However, these findings have constituted the bases that led to the proposal of the so-called “amyloid cascade hypothesis,” which posits that dysregulation of amyloid-ß (Aß) peptide production and/or proteolytic degradation plays a key role in triggering the pathological and behavioral changes observed in AD patients (Selkoe and Hardy, 2016).
Although our knowledge of neuropathological and neurochemical alterations associated with AD has impressively increased in the last decades, the current treatment is limited to cholinesterase inhibitors and the N-methyl-D-aspartate (NMDA) receptor channel blocker, memantine.
None of these drugs can slow the progression of AD. Several putative disease-modifying drugs have been developed and continue to be developed with the hope of restraining the progression of the disease. Most of these drugs target either the production or the aggregation process of Aβ1-42 (Anand et al., 2017).
Results of clinical studies with all these drugs have been highly disappointing. For example, a recently concluded randomized clinical trial with an inhibitor of β-secretase (BACE1), the enzyme that cleaves APP to uncover the N-terminus domain of Aβ1-42, did not show any reduction in cognitive or functional decline in AD patients, suggesting that either disease progression does not rely exclusively on amyloid formation or, alternatively, that anti-amyloid drugs should be administered several years prior to the onset of AD to be effective (Egan et al., 2018).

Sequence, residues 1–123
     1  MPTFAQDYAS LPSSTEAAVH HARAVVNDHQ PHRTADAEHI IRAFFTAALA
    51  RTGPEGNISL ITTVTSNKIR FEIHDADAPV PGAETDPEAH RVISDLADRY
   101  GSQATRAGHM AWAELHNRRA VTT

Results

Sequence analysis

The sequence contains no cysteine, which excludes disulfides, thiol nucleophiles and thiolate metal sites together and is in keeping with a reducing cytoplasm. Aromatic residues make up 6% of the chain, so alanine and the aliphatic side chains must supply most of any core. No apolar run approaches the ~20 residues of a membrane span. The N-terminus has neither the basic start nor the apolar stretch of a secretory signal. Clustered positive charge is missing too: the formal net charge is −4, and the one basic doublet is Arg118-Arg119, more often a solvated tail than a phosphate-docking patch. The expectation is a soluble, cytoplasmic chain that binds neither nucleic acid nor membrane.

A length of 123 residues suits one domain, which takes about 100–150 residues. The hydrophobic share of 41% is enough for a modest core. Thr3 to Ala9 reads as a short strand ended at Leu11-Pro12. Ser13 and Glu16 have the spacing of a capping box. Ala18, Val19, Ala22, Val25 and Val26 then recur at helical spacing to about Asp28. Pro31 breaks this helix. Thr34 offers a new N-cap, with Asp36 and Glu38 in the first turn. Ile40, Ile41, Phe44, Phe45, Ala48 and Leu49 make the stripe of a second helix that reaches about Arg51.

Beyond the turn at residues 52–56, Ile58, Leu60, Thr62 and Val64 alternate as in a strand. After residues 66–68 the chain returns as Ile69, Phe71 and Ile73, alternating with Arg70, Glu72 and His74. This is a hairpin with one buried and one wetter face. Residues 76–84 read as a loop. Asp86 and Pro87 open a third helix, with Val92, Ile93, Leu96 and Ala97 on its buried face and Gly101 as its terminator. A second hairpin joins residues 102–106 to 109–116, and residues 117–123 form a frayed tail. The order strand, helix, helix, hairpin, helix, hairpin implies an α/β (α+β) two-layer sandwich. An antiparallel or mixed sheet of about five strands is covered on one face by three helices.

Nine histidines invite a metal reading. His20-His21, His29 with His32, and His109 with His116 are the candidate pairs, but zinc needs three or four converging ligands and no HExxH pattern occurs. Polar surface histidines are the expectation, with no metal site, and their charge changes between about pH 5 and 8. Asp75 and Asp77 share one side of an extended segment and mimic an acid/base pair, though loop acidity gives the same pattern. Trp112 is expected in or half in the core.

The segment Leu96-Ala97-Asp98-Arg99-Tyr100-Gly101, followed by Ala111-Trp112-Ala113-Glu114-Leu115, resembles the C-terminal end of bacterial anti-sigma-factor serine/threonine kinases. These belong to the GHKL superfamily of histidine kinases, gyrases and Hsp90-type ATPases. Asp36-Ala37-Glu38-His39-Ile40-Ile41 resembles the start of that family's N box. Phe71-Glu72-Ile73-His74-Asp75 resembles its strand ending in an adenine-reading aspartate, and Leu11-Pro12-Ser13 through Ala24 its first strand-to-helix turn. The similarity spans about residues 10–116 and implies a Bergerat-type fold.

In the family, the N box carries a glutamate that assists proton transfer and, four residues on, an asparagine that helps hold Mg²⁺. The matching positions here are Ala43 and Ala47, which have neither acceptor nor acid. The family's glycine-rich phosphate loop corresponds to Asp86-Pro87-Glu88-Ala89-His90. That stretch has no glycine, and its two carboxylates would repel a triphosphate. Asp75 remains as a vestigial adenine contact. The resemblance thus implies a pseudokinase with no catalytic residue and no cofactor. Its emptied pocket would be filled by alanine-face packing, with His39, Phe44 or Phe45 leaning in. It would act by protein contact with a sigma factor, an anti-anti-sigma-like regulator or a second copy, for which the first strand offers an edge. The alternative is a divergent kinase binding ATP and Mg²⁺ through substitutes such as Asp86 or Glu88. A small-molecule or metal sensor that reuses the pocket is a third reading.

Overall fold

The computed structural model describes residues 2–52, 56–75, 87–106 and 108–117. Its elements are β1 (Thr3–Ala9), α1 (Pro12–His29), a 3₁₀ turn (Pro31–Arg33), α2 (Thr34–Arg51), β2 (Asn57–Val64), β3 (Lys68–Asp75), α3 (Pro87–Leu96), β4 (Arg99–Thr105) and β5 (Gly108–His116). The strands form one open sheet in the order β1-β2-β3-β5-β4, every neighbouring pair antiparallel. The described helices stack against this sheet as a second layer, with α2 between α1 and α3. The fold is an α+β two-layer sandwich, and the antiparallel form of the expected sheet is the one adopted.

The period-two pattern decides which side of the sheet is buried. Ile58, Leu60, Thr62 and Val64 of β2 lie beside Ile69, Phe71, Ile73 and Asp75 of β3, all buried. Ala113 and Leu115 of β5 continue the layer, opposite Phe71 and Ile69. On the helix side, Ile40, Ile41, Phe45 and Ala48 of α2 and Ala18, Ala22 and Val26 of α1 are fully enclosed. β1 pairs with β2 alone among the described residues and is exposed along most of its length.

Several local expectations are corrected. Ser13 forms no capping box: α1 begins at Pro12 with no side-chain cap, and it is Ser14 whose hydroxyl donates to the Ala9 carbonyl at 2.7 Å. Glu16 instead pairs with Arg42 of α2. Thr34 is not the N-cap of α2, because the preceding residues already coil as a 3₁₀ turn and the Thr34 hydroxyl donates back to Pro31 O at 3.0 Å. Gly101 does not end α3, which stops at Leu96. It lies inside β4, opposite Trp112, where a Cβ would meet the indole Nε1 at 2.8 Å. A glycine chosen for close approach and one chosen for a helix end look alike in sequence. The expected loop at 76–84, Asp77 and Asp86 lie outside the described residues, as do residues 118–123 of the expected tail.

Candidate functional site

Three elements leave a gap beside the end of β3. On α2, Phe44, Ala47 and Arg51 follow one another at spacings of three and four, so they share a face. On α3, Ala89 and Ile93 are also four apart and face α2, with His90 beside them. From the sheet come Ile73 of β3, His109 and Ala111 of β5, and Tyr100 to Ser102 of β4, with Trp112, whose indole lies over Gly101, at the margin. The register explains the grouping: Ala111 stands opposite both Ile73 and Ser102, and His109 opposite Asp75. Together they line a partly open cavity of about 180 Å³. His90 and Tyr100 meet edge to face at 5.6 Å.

The entire AD community was frustrated by the lack of efficacy of aducanumab, an anti-amyloid monoclonal antibody that was considered as highly promising based on a phase 1b clinical trial (Sevigny et al., 2016).
If these drugs fail because treatment starts too late, i.e. when pathophysiological mechanisms of AD are already established, research should be directed to the identification of risk factors that can reliably predict the development of AD. As highlighted above, a minority of patients has eFAD with autosomal dominant transmission. Children have 50% chance to inherit the same mutation, and they are natural candidates for early treatment with candidate disease-modifying drugs.